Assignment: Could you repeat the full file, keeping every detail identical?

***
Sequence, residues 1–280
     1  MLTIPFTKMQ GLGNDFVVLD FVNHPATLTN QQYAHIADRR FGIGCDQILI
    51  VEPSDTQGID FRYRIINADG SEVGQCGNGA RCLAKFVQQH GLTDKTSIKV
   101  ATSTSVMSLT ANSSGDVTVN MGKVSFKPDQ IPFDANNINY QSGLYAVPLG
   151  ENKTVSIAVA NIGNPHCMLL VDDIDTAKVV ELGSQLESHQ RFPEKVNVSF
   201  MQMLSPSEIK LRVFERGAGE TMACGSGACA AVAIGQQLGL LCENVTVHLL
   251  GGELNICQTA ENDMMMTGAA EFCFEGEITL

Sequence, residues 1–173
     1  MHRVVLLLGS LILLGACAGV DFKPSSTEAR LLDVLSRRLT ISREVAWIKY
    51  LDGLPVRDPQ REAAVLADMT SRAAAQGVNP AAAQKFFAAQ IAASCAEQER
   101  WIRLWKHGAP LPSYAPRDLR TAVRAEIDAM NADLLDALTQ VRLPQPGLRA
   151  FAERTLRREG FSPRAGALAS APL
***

Sequence, residues 1–280
     1  MLTIPFTKMQ GLGNDFVVLD FVNHPATLTN QQYAHIADRR FGIGCDQILI
    51  VEPSDTQGID FRYRIINADG SEVGQCGNGA RCLAKFVQQH GLTDKTSIKV
   101  ATSTSVMSLT ANSSGDVTVN MGKVSFKPDQ IPFDANNINY QSGLYAVPLG
   151  ENKTVSIAVA NIGNPHCMLL VDDIDTAKVV ELGSQLESHQ RFPEKVNVSF
   201  MQMLSPSEIK LRVFERGAGE TMACGSGACA AVAIGQQLGL LCENVTVHLL
   251  GGELNICQTA ENDMMMTGAA EFCFEGEITL

Sequence, residues 1–173
     1  MHRVVLLLGS LILLGACAGV DFKPSSTEAR LLDVLSRRLT ISREVAWIKY
    51  LDGLPVRDPQ REAAVLADMT SRAAAQGVNP AAAQKFFAAQ IAASCAEQER
   101  WIRLWKHGAP LPSYAPRDLR TAVRAEIDAM NADLLDALTQ VRLPQPGLRA
   151  FAERTLRREG FSPRAGALAS APL